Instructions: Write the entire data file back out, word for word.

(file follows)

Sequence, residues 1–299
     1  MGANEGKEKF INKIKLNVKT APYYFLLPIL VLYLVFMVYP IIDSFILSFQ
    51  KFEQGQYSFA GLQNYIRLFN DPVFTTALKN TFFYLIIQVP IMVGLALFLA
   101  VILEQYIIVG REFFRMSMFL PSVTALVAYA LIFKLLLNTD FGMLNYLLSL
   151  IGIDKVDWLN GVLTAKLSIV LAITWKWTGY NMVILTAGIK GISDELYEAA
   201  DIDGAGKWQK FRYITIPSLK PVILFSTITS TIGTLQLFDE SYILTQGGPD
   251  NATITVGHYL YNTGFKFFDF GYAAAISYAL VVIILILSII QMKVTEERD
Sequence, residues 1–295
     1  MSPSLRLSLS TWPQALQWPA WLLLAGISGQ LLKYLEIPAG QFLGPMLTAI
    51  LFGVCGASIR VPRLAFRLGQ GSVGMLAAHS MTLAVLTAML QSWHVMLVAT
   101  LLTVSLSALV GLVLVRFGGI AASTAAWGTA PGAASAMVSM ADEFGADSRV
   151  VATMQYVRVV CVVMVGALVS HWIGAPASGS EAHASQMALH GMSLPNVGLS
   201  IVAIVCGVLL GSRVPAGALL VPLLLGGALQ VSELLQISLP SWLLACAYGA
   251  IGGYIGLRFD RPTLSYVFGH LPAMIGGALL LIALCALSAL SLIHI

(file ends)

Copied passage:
Sequence, residues 1–299
     1  MGANEGKEKF INKIKLNVKT APYYFLLPIL VLYLVFMVYP IIDSFILSFQ
    51  KFEQGQYSFA GLQNYIRLFN DPVFTTALKN TFFYLIIQVP IMVGLALFLA
   101  VILEQYIIVG REFFRMSMFL PSVTALVAYA LIFKLLLNTD FGMLNYLLSL
   151  IGIDKVDWLN GVLTAKLSIV LAITWKWTGY NMVILTAGIK GISDELYEAA
   201  DIDGAGKWQK FRYITIPSLK PVILFSTITS TIGTLQLFDE SYILTQGGPD
   251  NATITVGHYL YNTGFKFFDF GYAAAISYAL VVIILILSII QMKVTEERD
Sequence, residues 1–295
     1  MSPSLRLSLS TWPQALQWPA WLLLAGISGQ LLKYLEIPAG QFLGPMLTAI
    51  LFGVCGASIR VPRLAFRLGQ GSVGMLAAHS MTLAVLTAML QSWHVMLVAT
   101  LLTVSLSALV GLVLVRFGGI AASTAAWGTA PGAASAMVSM ADEFGADSRV
   151  VATMQYVRVV CVVMVGALVS HWIGAPASGS EAHASQMALH GMSLPNVGLS
   201  IVAIVCGVLL GSRVPAGALL VPLLLGGALQ VSELLQISLP SWLLACAYGA
   251  IGGYIGLRFD RPTLSYVFGH LPAMIGGALL LIALCALSAL SLIHI